quarta-feira, 23 de dezembro de 2009

Live to Jukebox

I am for certain not the most tuneful of my generation, guess that my hearing as never been adapted for music or languages. My father and mother could play the violin and piano respectively since it was expected that you played an instrument as part of your ability to entertain others, yet surprisingly both my parents would not help their children to play an instrument, my eldest probably learnt more from my father since they had time to get to know each other again after the second world war had finished, and my other brother seemed to be my mothers favourite and got away with learning to play the guitar in the house. My other brother and I did not manage to learn much at home, I learnt a little at the house of my grand parents, just enough to play the piano from sheet music but not enough to learn any pieces by heart. As children it seemed that music was always made from spoons, washboards or made up guitars. Very little radio and almost no television, music in the parlour was only played when there were visitors or my parents were on their own. I can remember buying records and then having to ask for them to be played on the radiogram, it was in my teens that my mother took me to the street market to find and buy a second hand turntable for my record collection.
I had a slightly different attitude to music than my brothers, I loved the wailing black music, Blues was my ideal and with that it took me into Soul and Reggae along with John Mayall's music which then took me into folk and Bob Dylan and the Yardbirds, Van Morrison and Eric Clapton, Rolling Stones and Traffic, Joan Beaz and Incredible String Band, Roxy Music and T.Rex, Winter Brothers and John Lennon.......etc
I am sure that this trend to make music was the same in Brazil, in the past it would be the collonial link, the way that those could remember their family roots, whether it be African or Portuguese, German or Spanish, Hollandes or Italian, the folk music played at home or in the street was a direct throw back to their roots and here in Brazil that is not such a long history. Carnaval again was much like this until the late 1950's but has now disappeared into a mass market of CD's and the band wagon pop group supporting their music sales, Samba is almost history, kept alive for tourists and brought out only once a year. It is best to go into the interior of Brazil to find these traditions on a more weekly basis, there is more need for the community to get together frequently and the desire for local groups to play and dance is still active as it is in Europe.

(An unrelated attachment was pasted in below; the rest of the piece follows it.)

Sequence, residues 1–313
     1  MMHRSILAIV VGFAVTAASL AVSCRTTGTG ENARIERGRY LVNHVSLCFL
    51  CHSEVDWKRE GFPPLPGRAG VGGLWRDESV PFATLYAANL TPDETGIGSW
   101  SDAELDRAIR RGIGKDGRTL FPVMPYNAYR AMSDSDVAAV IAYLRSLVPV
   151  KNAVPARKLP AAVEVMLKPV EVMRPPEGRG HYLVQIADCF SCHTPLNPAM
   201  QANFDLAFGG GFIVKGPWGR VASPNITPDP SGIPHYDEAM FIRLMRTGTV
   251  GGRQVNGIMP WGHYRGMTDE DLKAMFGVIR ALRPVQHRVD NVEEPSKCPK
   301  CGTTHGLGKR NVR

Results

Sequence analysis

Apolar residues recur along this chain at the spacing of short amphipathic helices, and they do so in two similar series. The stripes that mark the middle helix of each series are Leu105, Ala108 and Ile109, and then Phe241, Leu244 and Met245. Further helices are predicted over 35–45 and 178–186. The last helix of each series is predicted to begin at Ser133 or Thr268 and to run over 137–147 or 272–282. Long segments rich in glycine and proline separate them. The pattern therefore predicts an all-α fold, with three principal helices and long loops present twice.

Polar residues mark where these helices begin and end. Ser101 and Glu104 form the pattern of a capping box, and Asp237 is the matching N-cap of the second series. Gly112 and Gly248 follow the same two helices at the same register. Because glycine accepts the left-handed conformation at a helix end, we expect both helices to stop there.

I have just been reminded of skiffle groups of my eldest brothers time and the college bands that always played to a fairly full house, in Exeter, Devon it was common in all the pubs to have some form of local band or musicians playing, as it was when I first went to Scotland, in fact I do remember that most pubs in London supported the piano player in preference to any music box, but that died out during the first two years that I was living in London and the jukebox was their replacement. There are a few hardy fellows that keep a few pubs in Edinburgh as music venues, either folk or jazz, and they are indeed welcome places for the student as nuch as the older listener. I have no real experience of this in Brazil and would not know if there is any such culture here, I would think that it is not their idea of a good nights music and unless the volume can be turned up it would not appeal to many.